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Article
October 1930

TROPICAL SPRUE: EXPERIENCE WITH THIRTY-SIX CASES

Author Affiliations

CLIFTON SPRINGS, N. Y.

Arch Intern Med (Chic). 1930;46(4):597-604. doi:10.1001/archinte.1930.00140160047005
Abstract

According to Osler, it is difficult to classify sprue, as various views of its etiology are held. It is a disease of tropical or subtropical countries, more often occurring in the newcomer and in the better class of people. The disease is characterized by a distinctive sore tongue and mouth, a peculiar type of diarrhea, marked anemia, loss of weight and a tendency to remissions and exacerbations. Its etiology is unknown; various theories are given, some of which are pancreatic disease, mold, infection with Monilia or bacteria or deficiency in fat.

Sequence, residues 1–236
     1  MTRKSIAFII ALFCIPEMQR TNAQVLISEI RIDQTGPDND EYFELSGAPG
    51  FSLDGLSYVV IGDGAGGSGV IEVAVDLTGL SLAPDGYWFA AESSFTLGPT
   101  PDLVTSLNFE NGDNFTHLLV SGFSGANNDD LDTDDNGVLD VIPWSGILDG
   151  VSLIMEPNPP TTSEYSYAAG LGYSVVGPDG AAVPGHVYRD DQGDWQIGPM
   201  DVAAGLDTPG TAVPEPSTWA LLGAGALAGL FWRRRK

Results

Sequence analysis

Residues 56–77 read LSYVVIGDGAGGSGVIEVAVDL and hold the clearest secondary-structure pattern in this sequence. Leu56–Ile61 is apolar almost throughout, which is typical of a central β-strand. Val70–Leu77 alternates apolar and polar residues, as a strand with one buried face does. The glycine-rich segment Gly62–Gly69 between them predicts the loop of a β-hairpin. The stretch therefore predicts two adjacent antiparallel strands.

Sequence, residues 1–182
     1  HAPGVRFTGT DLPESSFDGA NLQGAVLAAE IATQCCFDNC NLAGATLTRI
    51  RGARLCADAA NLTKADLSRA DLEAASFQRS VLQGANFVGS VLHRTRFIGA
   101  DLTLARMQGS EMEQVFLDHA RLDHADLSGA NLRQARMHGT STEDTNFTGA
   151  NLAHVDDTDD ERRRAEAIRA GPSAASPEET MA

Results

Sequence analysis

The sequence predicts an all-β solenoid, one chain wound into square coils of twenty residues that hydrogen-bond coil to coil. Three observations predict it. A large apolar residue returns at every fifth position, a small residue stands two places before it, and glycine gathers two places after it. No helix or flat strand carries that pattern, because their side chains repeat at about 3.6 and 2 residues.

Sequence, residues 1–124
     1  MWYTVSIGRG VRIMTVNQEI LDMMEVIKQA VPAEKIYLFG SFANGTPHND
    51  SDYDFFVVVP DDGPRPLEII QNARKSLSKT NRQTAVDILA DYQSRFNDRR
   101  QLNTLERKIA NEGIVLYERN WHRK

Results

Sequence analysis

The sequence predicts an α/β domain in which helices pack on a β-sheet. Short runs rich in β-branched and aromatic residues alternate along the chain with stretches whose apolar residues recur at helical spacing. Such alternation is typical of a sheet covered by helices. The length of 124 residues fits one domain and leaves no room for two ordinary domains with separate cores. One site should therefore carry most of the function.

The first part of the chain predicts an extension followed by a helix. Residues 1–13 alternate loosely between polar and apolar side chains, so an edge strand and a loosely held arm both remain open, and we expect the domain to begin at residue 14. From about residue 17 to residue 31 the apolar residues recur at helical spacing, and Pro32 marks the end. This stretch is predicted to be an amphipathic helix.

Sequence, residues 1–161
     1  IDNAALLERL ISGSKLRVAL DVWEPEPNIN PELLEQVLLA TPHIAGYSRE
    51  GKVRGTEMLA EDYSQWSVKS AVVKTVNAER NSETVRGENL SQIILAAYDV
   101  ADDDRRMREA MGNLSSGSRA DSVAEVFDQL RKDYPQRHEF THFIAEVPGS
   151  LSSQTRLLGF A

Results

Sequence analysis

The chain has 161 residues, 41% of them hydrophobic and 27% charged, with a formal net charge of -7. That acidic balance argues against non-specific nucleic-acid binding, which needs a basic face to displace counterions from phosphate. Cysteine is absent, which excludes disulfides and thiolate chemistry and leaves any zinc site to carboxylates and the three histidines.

In this paper we shall deal more especially with the study of sprue as we have found it in thirty-six patients who have entered our clinic in the past five and one-half years. Most of these patients were missionaries, and most of them came from the Orient. There were sixteen patients from China, seven from India, five from Korea,

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